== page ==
South Sudan Celebrates Independence From North

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South Sudanese celebrated the birth of their nation on Saturday after voting for independence in a referendum under the terms of a 2005 peace deal that ended decades of war.

The new state has its capital in Juba and was officially recognized on Friday by the government of Sudan, based in Khartoum, hours before the formal split took place.

Sudanese men holding their national flag as they rally in Khartoum on July 9, 2011 hours before South Sudan officially declares independence from the north.Credit: AFP

Officials said the birth of the new nation would take place at midnight between July 8 and 9, and a formal independence ceremony was due to be held later on Saturday.

"At midnight, bells will be rung across the new country, and drums will be sounded, to mark the historic transition from southern Sudan to the Republic of South Sudan," a statement from the southern government said.

According to the official program, a formal Proclamation of the Independence of South Sudan will be read out by southern parliament speaker James Wani Igga at 11:45 a.m. (0845 GMT). Minutes later Sudan's national flag will be lowered and the new flag of South Sudan will be raised.

The underdeveloped but oil-rich new republic won its independence in the climax of a 2005 peace deal that ended decades of civil war with the north.

The Khartoum government was the first to recognize the new state, hours before the formal split took place, a move that smoothed the way to the division of what was, until Saturday, Africa's largest country.

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Southern Sudanese celebrating independence at midnight in Juba, Saturday, July 9, 2011.Credit: AP
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South Sudan celebrates its first day as an independent nation, marking the end of a 50-year struggle, with an independence ceremony in Juba on July 9, 2011.Credit: AP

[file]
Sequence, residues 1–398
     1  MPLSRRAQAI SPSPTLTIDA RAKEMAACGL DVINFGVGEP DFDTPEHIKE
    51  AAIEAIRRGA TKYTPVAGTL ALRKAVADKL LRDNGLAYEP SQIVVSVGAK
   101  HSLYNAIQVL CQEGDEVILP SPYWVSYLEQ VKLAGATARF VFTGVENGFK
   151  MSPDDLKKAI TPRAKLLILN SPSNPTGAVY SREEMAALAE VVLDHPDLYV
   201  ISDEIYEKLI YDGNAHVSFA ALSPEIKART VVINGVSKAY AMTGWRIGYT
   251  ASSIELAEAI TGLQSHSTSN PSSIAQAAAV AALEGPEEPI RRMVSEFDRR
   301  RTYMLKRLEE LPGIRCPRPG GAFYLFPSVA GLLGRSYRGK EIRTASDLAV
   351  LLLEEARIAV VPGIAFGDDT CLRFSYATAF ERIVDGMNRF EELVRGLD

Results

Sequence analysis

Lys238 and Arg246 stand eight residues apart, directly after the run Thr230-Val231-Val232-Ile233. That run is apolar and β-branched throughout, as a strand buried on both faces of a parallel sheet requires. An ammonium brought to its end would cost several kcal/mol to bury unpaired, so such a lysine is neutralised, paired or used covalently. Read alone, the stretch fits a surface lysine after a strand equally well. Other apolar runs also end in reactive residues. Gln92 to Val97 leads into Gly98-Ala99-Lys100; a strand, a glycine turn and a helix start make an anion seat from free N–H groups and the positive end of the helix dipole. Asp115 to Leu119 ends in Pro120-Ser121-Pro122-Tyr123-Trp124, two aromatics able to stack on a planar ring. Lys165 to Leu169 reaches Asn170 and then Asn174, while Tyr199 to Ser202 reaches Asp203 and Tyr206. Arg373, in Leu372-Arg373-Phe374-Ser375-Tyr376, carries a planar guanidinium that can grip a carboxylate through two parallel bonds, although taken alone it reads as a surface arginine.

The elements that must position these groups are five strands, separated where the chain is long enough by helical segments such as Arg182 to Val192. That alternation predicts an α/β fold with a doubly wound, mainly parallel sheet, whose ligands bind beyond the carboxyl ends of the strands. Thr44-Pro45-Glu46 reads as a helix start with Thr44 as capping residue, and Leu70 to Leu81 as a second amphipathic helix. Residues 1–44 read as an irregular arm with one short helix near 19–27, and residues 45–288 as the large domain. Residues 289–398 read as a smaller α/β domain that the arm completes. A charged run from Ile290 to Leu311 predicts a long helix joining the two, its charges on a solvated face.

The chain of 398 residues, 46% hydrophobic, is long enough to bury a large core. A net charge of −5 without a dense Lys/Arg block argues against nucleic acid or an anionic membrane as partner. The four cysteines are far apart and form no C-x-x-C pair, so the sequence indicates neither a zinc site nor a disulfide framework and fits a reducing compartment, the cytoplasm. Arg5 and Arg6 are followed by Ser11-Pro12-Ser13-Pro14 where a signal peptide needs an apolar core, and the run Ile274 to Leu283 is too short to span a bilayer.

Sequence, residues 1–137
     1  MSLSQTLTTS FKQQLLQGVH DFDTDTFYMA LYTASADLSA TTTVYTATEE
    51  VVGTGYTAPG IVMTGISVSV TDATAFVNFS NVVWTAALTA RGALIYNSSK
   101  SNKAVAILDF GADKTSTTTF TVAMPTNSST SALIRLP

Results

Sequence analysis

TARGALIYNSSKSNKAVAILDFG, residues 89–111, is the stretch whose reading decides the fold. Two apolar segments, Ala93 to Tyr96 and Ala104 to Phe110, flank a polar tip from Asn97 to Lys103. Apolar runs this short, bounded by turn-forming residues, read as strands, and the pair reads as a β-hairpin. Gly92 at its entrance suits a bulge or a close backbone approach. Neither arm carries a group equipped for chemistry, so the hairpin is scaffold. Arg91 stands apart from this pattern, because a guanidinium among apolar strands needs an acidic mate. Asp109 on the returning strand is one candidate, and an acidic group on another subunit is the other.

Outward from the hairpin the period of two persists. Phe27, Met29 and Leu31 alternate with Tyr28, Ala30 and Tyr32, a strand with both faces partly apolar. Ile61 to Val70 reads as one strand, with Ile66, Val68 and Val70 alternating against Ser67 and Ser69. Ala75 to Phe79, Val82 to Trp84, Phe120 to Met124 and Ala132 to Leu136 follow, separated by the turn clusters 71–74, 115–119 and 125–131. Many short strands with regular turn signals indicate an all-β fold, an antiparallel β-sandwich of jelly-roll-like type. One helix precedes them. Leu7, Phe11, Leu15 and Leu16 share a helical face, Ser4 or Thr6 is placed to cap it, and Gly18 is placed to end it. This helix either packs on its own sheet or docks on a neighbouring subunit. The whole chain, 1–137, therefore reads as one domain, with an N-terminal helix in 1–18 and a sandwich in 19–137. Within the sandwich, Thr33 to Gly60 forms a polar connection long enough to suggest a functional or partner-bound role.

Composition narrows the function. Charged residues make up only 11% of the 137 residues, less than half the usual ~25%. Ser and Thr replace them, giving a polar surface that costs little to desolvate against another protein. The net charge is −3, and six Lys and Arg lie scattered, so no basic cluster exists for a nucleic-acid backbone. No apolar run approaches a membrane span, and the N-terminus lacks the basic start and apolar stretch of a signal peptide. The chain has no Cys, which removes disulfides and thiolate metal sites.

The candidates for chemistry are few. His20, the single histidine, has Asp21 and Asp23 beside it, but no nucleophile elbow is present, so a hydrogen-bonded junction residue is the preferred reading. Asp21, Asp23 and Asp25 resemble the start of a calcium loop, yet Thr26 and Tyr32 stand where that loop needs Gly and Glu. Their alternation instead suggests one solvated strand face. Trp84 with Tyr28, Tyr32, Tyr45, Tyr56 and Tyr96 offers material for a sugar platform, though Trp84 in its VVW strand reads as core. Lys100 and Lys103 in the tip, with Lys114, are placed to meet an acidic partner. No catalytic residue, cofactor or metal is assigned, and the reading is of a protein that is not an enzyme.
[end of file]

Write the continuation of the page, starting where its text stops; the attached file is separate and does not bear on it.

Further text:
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South Sudan's President Salva Kiir (L) and Sudan's President Omar Hassan al-Bashir attending the Independence Day ceremony in South Sudan's capital Juba July 9, 2011.Credit: Reuters

But recognition did not dispel fears of future tensions.

Northern and southern leaders have still not agreed on a list of sensitive issues, led by the exact line of the border and how they will share oil revenues, the lifeblood of both economies.

In Juba, people on the corners of dirt streets waved flags and danced in the lights of car headlights, chanting "SPLM o-yei, South Sudan o-yei, freedom o-yei" just before midnight.

The Sudan People's Liberation Movement (SPLM) led the rebel movement that fought the north until 2005 and now dominates the southern parliament.

In Khartoum, just before the split, Sudanese President Omar Hassan al-Bashir, who now leads just the north, told journalists he would attend the independence celebrations in the south later on Saturday.

"I would like to stress ... our readiness to work with our southern brothers and help them set up their state so that, God Willing, this state will be stable and develop. The cooperation between us will be excellent, particularly when it comes to marking and preserving the border so there is a movement of citizens and goods via this border," Bashir said.

Analysts have long feared a return to civil war if disputes are not resolved.

After the stroke of midnight the Republic of Sudan lost around three quarters of its oil reserves, which are sited in the south, and faced the future with insurgencies in its Darfur and Southern Kordofan regions.

UN Secretary General Ban Ki-moon told reporters in Juba on Friday evening he was confident South Sudan would soon join the global body.

Earlier in Khartoum, he urged the northern government to allow UN peacekeepers to stay past their mandate to monitor the situation in Southern Kordofan, the north's biggest remaining oil state, and other hotspots.